Recently, there has been a lot of chatter about fungal (or mold) infections in saline-filled breast implants. I have had a few breast augmentation patients from my Knoxville, TN, practice contact me with concerns regarding this. The fundamental question: Should you be worried about having a fungal infection or mold in your saline breast implants?
For almost everyone, the answer is a resounding, “No!” However, if you asked whether this has ever happened, the answer is “yes.” To understand how this happened and the chances of it happening in the future requires a knowledge of how exactly saline implants are filled.
Let’s look at what happened.
Back in 2001, there was a cluster of fungal infections of saline-filled breast implants. Interestingly, I was asked to review the index case for this, so I have seen the original documents and can comment intelligently.
These infections occurred in a single surgery center. Further, it was discovered that these infections occurred in a single operating room of that surgery center, and the risk of infection was higher if the operation took more time in that particular room.
Understand how saline implants work.
To get the significance of this, you need to understand something about saline breast implants. They are filled with sterile saline through a tube that is connected to a valve in the implant at the time of surgery, unlike silicone implants which are pre-filled and have no valve. Many years ago (as in over 25 years ago), the way this was done was by filling a syringe with saline that was in a sterile pitcher on the operative field, connecting the syringe to the tube going into the implant, and filling the implant. This would be done multiple times until the implant was filled to the appropriate volume; then, the tube would be removed. This became known as an “open bowl” technique.
We now use a closed technique for filling saline breast implants.
About 25 years ago, a new method of filling the saline implants was adopted. In this, sterile tubing is connected to an intravenous bag of saline (obviously sterile). Through this tubing, the saline is drawn up into a syringe via a stopcock and transferred into the implant by the tubed connected to the implant’s valve. This is known as a “closed” technique because the saline is never exposed to the outside environment. Sterile saline, sterile tubing, sterile implant. Do you see where I’m going with this?
Fungal infections were caused by the open-bowl technique, which is now obsolete.
Let’s go back to the surgery center where these cases were found. There was a significant concern about what was causing these infections, so a thorough investigation was conducted. They found that there was water damage to the ceiling of a storage area adjacent to the operating room where these cases occurred. This caused mold or fungus growth. This fungus got into the air and landed into the open pitcher (open bowl) of saline on the sterile operating field, and thus contaminated the saline that was being used to fill the implants. So basically, airborne fungus contaminated the saline used to fill the implants: contaminated air, contaminated saline, contaminated implants.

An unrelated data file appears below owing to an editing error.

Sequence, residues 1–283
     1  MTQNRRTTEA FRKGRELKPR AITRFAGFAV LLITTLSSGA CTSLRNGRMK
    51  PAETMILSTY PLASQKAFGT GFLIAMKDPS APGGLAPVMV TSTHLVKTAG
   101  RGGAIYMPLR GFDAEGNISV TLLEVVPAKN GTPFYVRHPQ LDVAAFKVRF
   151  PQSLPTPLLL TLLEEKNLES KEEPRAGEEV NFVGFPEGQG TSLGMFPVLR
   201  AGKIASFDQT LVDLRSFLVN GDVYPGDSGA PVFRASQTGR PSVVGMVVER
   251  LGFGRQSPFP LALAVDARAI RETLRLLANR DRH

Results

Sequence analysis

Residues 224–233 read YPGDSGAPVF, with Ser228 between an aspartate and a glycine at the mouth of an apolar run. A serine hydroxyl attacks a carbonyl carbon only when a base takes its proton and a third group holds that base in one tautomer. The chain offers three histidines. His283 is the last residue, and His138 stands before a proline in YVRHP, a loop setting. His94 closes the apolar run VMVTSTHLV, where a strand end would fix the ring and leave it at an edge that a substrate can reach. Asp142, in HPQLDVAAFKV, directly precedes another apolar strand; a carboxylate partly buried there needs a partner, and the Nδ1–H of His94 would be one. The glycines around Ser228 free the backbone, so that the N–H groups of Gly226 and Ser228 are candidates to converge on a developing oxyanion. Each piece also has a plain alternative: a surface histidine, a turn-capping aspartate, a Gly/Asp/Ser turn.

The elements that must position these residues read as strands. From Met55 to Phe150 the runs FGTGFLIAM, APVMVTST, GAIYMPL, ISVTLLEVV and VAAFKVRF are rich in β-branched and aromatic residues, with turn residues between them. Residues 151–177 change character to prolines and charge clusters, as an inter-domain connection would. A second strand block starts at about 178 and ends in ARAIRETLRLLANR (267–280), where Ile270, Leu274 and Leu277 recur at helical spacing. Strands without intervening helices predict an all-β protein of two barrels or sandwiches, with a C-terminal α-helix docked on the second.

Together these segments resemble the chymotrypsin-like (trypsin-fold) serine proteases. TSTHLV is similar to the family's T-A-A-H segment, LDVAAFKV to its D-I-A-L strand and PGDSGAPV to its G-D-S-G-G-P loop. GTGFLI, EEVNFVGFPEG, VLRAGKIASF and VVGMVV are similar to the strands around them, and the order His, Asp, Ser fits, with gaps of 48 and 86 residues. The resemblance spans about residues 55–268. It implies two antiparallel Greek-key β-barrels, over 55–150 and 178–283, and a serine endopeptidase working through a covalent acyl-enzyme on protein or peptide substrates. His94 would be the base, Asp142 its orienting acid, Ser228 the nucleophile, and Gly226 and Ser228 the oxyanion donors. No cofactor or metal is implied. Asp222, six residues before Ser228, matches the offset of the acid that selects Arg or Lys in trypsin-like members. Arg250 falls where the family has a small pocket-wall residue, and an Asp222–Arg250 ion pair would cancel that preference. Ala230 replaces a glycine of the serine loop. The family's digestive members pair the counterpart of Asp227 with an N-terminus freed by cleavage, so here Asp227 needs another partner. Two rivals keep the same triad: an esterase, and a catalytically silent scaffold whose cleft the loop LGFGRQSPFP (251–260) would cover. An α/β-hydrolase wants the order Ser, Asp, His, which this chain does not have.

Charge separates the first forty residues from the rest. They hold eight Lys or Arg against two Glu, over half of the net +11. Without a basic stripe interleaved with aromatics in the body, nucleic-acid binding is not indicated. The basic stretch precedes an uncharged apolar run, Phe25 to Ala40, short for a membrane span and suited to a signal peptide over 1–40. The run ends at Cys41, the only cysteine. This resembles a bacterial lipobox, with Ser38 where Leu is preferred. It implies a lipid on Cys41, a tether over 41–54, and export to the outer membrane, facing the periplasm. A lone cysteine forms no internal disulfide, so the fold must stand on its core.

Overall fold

Saline breast implant best practices
It is currently considered the “best practice” (and I would go so far as to say the standard of care) to use the closed method for filling saline breast implants. Indeed, most plastic surgeons would agree with me — perhaps all of them. Even before these fungal infections happened in 2001, most of us had already switched to a closed technique.
Before 2001 there had been very few isolated cases of the same fungal contamination of the saline. In response, the breast implant manufacturers produced the tubing necessary to allow a closed system of filling the implants. This was a very proactive move, which is typical of the major implant manufacturers: Allergan (Formerly McGhan) and Mentor.
Should you be concerned about mold in saline breast implants?
The overwhelming majority of women with saline implants have nothing to worry about. But, if you are considering saline implants, be sure to ask your surgeon whether he or she uses a closed technique to fill the implants. If this is the case, the risk of a fungal infection approaches zero.
Feel free to take a look at my saline breast implant patients’ before-and-after pictures to get an idea of the type of results we can create.
If you have had saline implants for many years, and you are concerned about your implants, the best thing to do is to contact your plastic surgeon and ask how the implants were filled. This fact should be recorded in the surgeon’s operative report. But the overwhelming likelihood is that there is no problem.
All the best,
David B. Reath, MD
If breast implants are not for you, all well and good. Don’t get them. But if you have, or are considering, breast implants, rest assured that they have been studied and scrutinized more than any implanted device, and they are safe and effective. Any concerns you have are best addressed with a board-certified or board-eligible plastic surgeon. While there is plenty to look at online, I would caution you that not all of it is reliable. If you are like me, you will look at the science and base your concerns on this. If you need help with it, let me know.
You can request a consultation with me using our online form or by calling my office at (865) 450-9253 to schedule an appointment. Breast augmentation patients come to me from Cookeville, TN, and beyond.
Updated November 2021.